CFP: [Cultural-Historical] Comics Conference on Sex, Gender, and Sexuality (UF, 3/21-22)

full name / name of organization: 
Lyndsay Brown
contact email: 
lyndsayb@english.ufl.edu

The University of Florida's College of Liberal Arts and Sciences is pleased to announce the 2008
UF Conference on Comics and Graphic Novels: "ImageSexT: Intersections of Sex, Gender, and
Sexuality," which will be held in Gainesville, Florida, on March 21-22, 2008.

This sixth annual conference on comics will focus on issues of representation in the most literal
sense: that of the image on the page (screen, monitor, etc.). We are interested in papers that
move beyond facile reiterations of identity politics to explore the complexities and complexes of
bodies and desires for artists, writers, and readers of comics. Here we are using "comics" in its
broadest sense, to include animation, manga, anime, graphic novels, webcomics, political
cartoons, and even some "fine art." Theoretically grounded work is preferred, but we also have an
interest in archival, historical, and creative papers. The goal of this conference is to encourage
interdisciplinary discussion incorporating diverse approaches to the comics representation of
sex, gender, and sexuality.

Confirmed guests for this year include Phoebe Gloeckner (Diary of a Young Girl) and Gail Simone
(Birds of Prey, Wonder Woman); invited guests include Jaime Hernandez (Love and Rockets).

Possible topics include but are not limited to:
• Autobiographical and authorial issues of sex and gender in comics, including issues of
veiled autobiography, writing across gender lines, collaboration, and adaptation (Stuck Rubber
Baby, Fun Home, The Authority, Fritz the Cat)
• Archival/historical work on depictions of the body, intercourse and identity including
persistence and/or revision of stereotypes (Tijuana Bibles, Charles Atlas ads, homosexuality in
early animation, Air Pirates Funnies)
• Who's drawing my body? Self- and Other-representations and culture wars (Goth comics,
Superhero(ine) physiques, Dirty Plotte)
• Fans turn Pro (and vice versa): sex and gender issues at the boundary between and in the
transition from fandom to professional comics (letters pages, undergrounds, fanzines, weblogs,
fanfic, slash and doujinshi origins)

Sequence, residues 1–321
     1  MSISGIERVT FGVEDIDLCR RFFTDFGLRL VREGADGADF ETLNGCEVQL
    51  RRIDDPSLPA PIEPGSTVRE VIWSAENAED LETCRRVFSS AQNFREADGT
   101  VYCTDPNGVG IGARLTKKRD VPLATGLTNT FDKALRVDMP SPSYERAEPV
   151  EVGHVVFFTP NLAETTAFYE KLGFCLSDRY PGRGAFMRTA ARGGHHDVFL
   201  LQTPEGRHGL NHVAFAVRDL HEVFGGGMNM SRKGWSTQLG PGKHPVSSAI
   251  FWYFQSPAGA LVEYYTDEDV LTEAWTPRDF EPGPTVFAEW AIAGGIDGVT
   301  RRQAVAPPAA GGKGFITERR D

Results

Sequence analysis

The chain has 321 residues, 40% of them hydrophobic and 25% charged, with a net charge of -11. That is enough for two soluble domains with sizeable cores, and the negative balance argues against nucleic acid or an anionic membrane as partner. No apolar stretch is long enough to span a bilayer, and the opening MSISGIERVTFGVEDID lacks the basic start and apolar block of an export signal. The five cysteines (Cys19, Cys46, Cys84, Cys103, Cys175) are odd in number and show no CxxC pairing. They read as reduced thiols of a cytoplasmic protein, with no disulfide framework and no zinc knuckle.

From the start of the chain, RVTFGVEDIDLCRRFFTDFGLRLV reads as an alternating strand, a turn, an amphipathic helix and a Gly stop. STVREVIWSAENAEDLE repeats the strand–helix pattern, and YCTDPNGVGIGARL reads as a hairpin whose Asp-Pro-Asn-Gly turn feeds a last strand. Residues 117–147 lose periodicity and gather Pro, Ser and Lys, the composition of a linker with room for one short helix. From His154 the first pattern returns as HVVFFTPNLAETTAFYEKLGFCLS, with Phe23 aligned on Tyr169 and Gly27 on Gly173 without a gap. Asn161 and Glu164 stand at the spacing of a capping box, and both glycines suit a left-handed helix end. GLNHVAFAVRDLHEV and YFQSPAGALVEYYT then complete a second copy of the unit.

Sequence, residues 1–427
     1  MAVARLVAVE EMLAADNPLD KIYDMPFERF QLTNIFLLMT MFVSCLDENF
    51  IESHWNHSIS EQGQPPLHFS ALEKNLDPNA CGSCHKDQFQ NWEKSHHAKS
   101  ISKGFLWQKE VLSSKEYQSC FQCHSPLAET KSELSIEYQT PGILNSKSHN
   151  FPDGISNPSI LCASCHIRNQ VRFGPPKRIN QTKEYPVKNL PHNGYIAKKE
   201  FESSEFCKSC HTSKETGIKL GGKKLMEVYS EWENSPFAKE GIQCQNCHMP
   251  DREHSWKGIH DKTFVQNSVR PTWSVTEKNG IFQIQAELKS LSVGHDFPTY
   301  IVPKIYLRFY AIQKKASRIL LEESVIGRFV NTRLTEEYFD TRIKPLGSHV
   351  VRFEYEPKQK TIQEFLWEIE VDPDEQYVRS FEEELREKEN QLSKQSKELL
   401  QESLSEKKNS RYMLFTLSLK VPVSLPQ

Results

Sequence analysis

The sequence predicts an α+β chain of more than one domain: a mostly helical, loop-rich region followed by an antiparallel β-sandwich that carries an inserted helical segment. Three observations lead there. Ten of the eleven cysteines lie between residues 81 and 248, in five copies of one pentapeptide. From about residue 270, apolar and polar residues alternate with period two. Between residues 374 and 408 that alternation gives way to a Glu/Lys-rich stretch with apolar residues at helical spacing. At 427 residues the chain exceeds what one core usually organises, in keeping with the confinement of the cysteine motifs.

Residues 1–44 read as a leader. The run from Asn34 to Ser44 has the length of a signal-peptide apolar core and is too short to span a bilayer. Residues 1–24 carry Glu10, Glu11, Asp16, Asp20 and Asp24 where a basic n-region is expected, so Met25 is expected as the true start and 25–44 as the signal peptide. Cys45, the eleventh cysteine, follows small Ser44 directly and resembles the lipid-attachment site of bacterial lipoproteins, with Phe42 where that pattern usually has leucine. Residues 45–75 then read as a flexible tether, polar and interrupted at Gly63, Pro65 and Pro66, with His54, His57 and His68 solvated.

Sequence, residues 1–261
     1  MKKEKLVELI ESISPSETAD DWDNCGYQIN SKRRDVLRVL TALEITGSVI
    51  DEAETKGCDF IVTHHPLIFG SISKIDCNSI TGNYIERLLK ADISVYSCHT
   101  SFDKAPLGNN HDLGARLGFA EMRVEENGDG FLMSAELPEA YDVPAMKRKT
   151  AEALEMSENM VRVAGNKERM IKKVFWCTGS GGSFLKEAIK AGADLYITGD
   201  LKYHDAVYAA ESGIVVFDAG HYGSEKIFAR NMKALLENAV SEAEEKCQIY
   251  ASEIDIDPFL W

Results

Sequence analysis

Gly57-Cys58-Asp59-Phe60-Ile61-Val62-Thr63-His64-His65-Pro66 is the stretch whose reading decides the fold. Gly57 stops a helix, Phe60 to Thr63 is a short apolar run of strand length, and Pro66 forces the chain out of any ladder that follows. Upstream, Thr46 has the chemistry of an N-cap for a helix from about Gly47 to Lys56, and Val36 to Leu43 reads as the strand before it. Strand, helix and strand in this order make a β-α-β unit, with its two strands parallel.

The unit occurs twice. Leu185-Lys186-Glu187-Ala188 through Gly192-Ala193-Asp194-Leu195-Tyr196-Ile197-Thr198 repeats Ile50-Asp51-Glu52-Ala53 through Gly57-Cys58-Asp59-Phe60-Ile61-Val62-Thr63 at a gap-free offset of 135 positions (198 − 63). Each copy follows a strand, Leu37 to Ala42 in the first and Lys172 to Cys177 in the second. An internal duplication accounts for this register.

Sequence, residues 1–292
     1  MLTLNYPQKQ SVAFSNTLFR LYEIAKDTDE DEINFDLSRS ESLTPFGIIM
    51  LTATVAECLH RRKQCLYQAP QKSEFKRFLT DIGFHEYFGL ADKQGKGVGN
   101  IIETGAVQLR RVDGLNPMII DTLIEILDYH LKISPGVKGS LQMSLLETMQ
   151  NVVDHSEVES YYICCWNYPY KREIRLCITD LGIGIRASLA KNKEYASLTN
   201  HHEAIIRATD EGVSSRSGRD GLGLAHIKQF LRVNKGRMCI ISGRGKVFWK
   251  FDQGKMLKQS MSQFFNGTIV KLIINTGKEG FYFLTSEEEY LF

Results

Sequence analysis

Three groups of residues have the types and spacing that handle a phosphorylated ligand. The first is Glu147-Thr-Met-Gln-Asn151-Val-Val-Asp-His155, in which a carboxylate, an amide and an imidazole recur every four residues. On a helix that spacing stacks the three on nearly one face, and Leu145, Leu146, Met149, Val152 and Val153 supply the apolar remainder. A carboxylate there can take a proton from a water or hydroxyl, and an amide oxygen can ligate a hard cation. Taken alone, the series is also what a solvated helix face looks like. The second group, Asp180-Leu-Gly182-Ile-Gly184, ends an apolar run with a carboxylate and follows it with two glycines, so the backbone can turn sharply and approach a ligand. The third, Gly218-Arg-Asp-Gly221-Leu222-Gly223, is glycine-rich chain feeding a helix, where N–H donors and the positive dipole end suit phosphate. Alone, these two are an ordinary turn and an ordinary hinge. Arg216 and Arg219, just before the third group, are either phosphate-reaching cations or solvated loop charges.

• Indeterminacy, including queer readings, secret identities, and the act of passing in and
through comics (How Loathsome, Death Note, Black Hole, The Book of Lost Souls)
• "How ethics spoiled my pleasure": including how female fans read and enter comics, our
implication in – and pleasure from – objectification, and the comic as part of a cultural circuit of
capital and power (Girl-Wonder.org, Women in Refrigerators, Sequential Tart)
• The comic book fetish, including the materiality of the comic, the pleasure of reading, and
"slabbing"
• The perversity of children's narratives (Strawberry Panic, Hikaru no Go, Lost Girls, Diary of a
Young Girl)
• Politics and sex, including political allegory in comics, metaphors of otherness, and sex and
censorship (V for Vendetta, Y the Last Man, Alias, Superfly)
• Representation and its necessary problems, from signifying male- or femaleness to figuring
sex and desire, through drawings of bodies and acts, or depicting intimacy and pleasure (Diary
of A Dominatrix, Clumsy, Playboy comics, (non-) explicit animation)
• International issues, including trade and censorship, translations, and taboos (scanlations,
fansubbing, "official" translations, cross-cultural marketing and audiences)

Abstract submissions should be approximately 250-500 words in length. Presentations will be
15 minutes with 5 minutes of question and answer. The deadline for abstract submissions is
December 1, 2007.

===================================
 From the Literary Calls for Papers Mailing List
            cfp_at_english.upenn.edu
             more information at
         http://cfp.english.upenn.edu
===================================
Received on Mon Sep 03 2007 - 03:03:40 EDT

cfp categories: 
cultural_studies_and_historical_approaches